When I was but a wee beardless prepubescent male in the 1960s, there was to be no questioning of the immutable fact that not only was the USA the greatest country in the world at that time, it was the greatest country the world had ever seen. This was a truth that was held to be self-evident by nearly everyone, and if you dared to disagree, you risked a beating.
But these days, when I see self-described American patriots waving the Stars and Stripes and insisting that “we’re #1,” I find something sad and almost pitiable about it. At this point, they might as well be Confederate battle-scene reenactors desperately clutching onto the Lost Cause and insisting that the South will rise again. I wonder whether these latter-day American patriots seem so full of enthusiasm and gumption because they’ve only recently emerged from fifty-year comas.
A few days ago on a message board that I habituate, someone who claims to be an immigrant from Africa trotted out a “we’re #1,” and I asked him to clarify — by what metric are we #1? It’s a nice sentiment, and I wish it were true, but it’s also impossibly vague.
So I decided to do a bit of digging to determine where America ranks across an array of categories — economics, culture, intellect, health, crime, and self-reported happiness. Before you start barking at me, I realize these rankings are arbitrary and probably inaccurate in many ways and for many reasons and it’s hard to tell who’s being honest and who’s doing the counting, but taken as a whole, I feel there are enough laser beams pointing in a sufficient number of directions to form a hologram to give you a sense of where the US might stand in 2021.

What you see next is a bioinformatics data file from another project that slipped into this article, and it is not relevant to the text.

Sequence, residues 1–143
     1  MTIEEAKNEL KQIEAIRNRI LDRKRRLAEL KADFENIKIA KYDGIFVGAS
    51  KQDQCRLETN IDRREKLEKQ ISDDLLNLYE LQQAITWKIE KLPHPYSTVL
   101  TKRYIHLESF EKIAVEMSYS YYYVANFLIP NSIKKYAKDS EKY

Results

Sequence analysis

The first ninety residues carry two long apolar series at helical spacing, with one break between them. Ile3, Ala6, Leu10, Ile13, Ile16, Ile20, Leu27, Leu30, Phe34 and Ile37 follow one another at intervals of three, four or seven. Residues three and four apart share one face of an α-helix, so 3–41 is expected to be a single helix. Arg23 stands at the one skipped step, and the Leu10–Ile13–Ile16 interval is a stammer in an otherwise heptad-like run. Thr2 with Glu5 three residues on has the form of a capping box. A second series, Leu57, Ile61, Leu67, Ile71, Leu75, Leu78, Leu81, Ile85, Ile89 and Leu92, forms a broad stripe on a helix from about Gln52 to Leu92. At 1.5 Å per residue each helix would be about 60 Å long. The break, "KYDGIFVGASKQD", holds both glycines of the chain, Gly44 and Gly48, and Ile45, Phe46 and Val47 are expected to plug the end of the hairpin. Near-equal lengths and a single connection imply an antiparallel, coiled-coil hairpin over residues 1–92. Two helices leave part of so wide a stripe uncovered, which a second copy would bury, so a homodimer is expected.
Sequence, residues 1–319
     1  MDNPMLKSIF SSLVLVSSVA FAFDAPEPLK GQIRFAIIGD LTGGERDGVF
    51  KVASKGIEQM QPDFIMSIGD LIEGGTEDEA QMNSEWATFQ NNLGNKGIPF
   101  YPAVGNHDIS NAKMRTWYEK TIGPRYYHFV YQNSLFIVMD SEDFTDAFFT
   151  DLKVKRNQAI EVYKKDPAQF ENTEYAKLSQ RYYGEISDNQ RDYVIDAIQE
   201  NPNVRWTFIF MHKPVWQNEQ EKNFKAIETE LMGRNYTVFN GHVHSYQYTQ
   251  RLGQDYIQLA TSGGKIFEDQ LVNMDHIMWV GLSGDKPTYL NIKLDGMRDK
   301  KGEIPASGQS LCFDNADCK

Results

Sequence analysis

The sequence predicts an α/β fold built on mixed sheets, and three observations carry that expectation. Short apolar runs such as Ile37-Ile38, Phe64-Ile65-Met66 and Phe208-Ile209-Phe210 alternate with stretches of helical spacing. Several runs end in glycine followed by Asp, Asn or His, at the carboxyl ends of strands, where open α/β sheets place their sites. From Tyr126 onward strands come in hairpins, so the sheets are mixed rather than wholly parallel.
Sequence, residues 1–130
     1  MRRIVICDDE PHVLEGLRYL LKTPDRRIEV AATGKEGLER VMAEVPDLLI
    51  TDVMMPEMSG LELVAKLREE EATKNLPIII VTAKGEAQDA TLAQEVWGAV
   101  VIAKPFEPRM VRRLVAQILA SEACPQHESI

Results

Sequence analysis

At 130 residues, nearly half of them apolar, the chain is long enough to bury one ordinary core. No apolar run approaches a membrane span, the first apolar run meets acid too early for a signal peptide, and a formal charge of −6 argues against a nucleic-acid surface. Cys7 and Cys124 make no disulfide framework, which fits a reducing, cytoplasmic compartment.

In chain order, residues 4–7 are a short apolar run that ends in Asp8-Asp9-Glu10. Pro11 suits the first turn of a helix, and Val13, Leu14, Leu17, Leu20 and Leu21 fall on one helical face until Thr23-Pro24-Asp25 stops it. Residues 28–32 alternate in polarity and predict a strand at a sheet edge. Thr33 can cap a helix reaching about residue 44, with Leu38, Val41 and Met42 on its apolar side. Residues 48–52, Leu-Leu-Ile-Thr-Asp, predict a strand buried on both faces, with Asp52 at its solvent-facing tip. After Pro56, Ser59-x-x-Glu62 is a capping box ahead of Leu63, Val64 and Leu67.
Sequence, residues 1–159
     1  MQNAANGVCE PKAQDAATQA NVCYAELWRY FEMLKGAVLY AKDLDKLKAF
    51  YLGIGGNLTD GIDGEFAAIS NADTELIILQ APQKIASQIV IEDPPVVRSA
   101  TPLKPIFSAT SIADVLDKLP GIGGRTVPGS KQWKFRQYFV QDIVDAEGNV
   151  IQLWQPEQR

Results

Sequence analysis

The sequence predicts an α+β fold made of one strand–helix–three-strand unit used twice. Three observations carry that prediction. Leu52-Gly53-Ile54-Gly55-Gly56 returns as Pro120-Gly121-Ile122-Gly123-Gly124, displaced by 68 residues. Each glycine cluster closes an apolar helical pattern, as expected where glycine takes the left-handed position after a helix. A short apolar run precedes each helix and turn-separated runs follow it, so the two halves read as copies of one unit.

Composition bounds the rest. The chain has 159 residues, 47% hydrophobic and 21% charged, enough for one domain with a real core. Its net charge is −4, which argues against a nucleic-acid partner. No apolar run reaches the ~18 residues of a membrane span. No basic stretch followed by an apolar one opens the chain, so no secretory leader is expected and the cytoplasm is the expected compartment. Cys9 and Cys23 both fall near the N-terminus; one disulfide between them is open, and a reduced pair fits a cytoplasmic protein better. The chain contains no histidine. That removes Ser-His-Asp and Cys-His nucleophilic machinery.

I’ll cover the bad first, then the good, and then the categories where the USA ranks #1 — and most of those are bad.
To start with, we are a nation of dolts. Fifty-nine countries have a higher adult literacy rate than the United States. Thirty-one have a higher mean IQ. In standardized testing, twenty-five countries outperform Americans.
What was once a land of opportunity where anyone could achieve the American dream if they simply put their nose to the grindstone and pulled themselves up by the bootstraps is softly slipping into a crumbling shopping mall where half of the stores are shuttered. A full one hundred countries have less long-term unemployment than America the Beautiful. A robust hundred and sixty-three nations have a lower national debt-to-GDP ratio. One hundred and twenty-nine countries have a lower tax revenue-to-GDP ratio. Fourteen countries have higher credit ratings. And a mere five nations have a higher total amount of gross public debt.
As this country unspools in every possible sense, its citizens grow sicker. In 1950, Americans had the fifteenth-highest life expectancy in the world. We have since slipped all the way down to #40. We are currently the twelfth most obese country in the world, but if you eliminate Pacific Island nations and Kuwait, we are indisputably the fattest. And only four countries in the world suffer a higher cancer rate than the USA.